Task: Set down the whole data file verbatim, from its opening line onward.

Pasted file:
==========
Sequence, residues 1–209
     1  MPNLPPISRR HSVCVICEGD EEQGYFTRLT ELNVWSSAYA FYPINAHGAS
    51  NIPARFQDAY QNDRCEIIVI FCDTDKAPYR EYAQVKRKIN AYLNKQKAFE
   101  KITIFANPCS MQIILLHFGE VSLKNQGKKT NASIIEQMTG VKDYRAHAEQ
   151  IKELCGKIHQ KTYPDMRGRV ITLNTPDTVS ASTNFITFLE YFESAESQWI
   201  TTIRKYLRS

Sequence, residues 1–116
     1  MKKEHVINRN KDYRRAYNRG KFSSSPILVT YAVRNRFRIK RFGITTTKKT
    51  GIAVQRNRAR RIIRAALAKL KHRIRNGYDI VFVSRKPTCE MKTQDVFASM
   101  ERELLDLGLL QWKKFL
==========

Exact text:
Sequence, residues 1–209
     1  MPNLPPISRR HSVCVICEGD EEQGYFTRLT ELNVWSSAYA FYPINAHGAS
    51  NIPARFQDAY QNDRCEIIVI FCDTDKAPYR EYAQVKRKIN AYLNKQKAFE
   101  KITIFANPCS MQIILLHFGE VSLKNQGKKT NASIIEQMTG VKDYRAHAEQ
   151  IKELCGKIHQ KTYPDMRGRV ITLNTPDTVS ASTNFITFLE YFESAESQWI
   201  TTIRKYLRS

Sequence, residues 1–116
     1  MKKEHVINRN KDYRRAYNRG KFSSSPILVT YAVRNRFRIK RFGITTTKKT
    51  GIAVQRNRAR RIIRAALAKL KHRIRNGYDI VFVSRKPTCE MKTQDVFASM
   101  ERELLDLGLL QWKKFL